President Donald Trump practically picked one of his defense lawyers to supervise Robert Mueller.
That’s what to make of The Wall Street Journal’s report late Thursday night that Attorney General nominee William Barr secretly lobbied the Justice Department to interfere with the special counsel’s investigation into Trump’s firing of FBI Director Jim Comey. Barr’s arguments are remarkably similar to those Trump’s defense counsel made to Mueller’s office months earlier. And in one important aspect he goes further, arguing Mueller’s conduct amounts to grounds for firing.
Barr has spoken approvingly of Trump’s efforts to interfere with Justice Department law-enforcement decisions before.
He was the only one of 10 former attorneys general contacted by The New York Times who defended Trump’s pressuring of Jeff Sessions to successfully reopen an investigation into unsubstantiated claims that Hillary Clinton culpably assisted a Russian company in buying a company that owns U.S. uranium mines.
Barr also supported Trump’s criticism of Mueller, a lifelong Republican, for hiring some prosecutors who had made contributions to Democratic candidates, despite the apparent absence of a violation of any Justice Department policies or practices. (Barr and his wife, combined, have given more than $750,000 to Republicans over the past 20 years.)
Most of all, days after Trump fired Comey in May 2017, Barr publicly defended the decision, stating that he accepted Trump’s claim that he fired the director because he treated Hillary Clinton unfairly in the email investigation. Barr appeared remarkably unconcerned that Trump might have actually fired Comey because of his investigation of the Trump campaign’s possible coordination with Russia’s interference in the 2016 presidential election, as the president later squarely admitted was actually the case.
The Journal reveals that Barr went beyond his vocal public defense of Trump’s firing of Comey, and also took it upon himself to draft a 20-page memorandum on the topic for Deputy Attorney General Rod Rosenstein, Mueller’s DOJ supervisor. Barr’s memo decries any effort by Mueller to investigate the president for potential obstruction of justice based upon the Comey firing.
Barr’s memo is apparently grounded on the same sweeping view of unencumbered presidential power he championed when serving as President George H.W. Bush’s attorney general. Barr’s memo reportedly argues that the DOJ should bar Mueller from even attempting to question the president regarding his reasons for firing Comey, asserting that permitting such an interrogation “opens the door for every decision that is alleged to be improperly motivated to be investigated as ‘potential criminal obstruction.’”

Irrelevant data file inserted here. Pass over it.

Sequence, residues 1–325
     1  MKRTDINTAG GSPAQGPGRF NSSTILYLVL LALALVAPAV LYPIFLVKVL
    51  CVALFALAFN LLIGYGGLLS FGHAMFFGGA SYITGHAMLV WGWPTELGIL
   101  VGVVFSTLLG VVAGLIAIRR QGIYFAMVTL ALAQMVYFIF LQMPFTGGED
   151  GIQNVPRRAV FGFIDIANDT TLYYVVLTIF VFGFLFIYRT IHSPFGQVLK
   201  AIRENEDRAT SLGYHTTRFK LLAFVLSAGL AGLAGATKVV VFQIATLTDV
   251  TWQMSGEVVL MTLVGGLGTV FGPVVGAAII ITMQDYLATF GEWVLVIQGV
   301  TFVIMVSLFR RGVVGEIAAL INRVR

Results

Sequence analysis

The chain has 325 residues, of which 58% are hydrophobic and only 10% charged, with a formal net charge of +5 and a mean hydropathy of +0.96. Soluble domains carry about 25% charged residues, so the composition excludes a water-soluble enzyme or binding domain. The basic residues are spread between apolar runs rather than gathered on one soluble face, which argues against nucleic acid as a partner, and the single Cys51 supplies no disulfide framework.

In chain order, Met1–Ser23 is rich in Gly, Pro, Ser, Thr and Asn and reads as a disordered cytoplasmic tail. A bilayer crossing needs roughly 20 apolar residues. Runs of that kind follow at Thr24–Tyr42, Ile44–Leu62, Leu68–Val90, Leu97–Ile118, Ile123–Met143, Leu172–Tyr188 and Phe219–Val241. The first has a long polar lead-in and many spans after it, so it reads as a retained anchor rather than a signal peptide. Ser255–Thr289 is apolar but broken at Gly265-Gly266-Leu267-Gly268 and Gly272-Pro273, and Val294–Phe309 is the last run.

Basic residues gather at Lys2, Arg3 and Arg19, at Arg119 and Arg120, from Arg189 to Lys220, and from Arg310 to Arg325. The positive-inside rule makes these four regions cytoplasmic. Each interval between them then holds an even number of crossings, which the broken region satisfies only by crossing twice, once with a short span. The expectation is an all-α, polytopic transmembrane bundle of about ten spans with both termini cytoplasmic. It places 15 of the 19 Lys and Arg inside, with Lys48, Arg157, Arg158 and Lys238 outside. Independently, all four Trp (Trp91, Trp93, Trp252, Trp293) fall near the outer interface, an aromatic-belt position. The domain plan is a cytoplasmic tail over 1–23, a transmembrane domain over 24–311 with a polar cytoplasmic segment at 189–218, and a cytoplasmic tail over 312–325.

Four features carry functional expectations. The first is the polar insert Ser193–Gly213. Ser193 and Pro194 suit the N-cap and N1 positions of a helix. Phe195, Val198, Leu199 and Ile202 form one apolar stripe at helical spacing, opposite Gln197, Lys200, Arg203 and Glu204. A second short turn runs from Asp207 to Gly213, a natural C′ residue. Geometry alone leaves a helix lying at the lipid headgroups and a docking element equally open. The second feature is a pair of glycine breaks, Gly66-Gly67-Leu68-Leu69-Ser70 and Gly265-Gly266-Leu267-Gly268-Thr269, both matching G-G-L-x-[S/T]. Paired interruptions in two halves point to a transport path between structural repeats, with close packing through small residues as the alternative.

Barr’s memo reportedly goes so far as to suggest that any effort by Mueller to pursue an investigation of Trump’s firing of the FBI director would amount to misconduct, characterizing such a probe as “grossly irresponsible” with “potentially disastrous implications” for the Executive Branch. This makes the prospect of Trump installing Barr as the attorney general gravely disturbing and indeed a palpable threat to the Mueller investigation.
Barr’s arguments appear remarkably similar to those Trump’s defense counsel made in a 20-page memorandum they submitted to the Mueller’s office in January 2018, which was later leaked to The New York Times. Trump’s lawyers similarly argued that, because the president’s firing of Comey was a “lawful exercise of his constitutional power,” it “cannot constitute obstruction of justice,” regardless of whether the firing actually obstructed an ongoing investigation.
The similarity between the Trump and Barr memoranda is all the more striking in light of a report that, for a period of months, ending only early this year, the president and his advisers sought to engage Barr to join the Trump defense team. While Barr reportedly demurred, the question arises whether Barr shared his views with Trump’s counsel.
Given that Barr appears to consider Mueller’s very conduct of his investigation of the Comey firing to constitute serious impropriety, it is more than possible that an Attorney General Barr would order Mueller to limit his investigation, and would fire Mueller if he refused.
Under these circumstances, the Senate has only one viable option if it wishes to allow Mueller to complete his investigation unimpeded: Demand that Barr agree to fully recuse himself from the Mueller investigation, and leave supervision of the probe in the hands of Rosenstein, who apparently (and wholly properly) rejected Barr’s prior call for him to interfere with the special counsel’s work. If Barr refuses to make such a commitment, he should not be confirmed.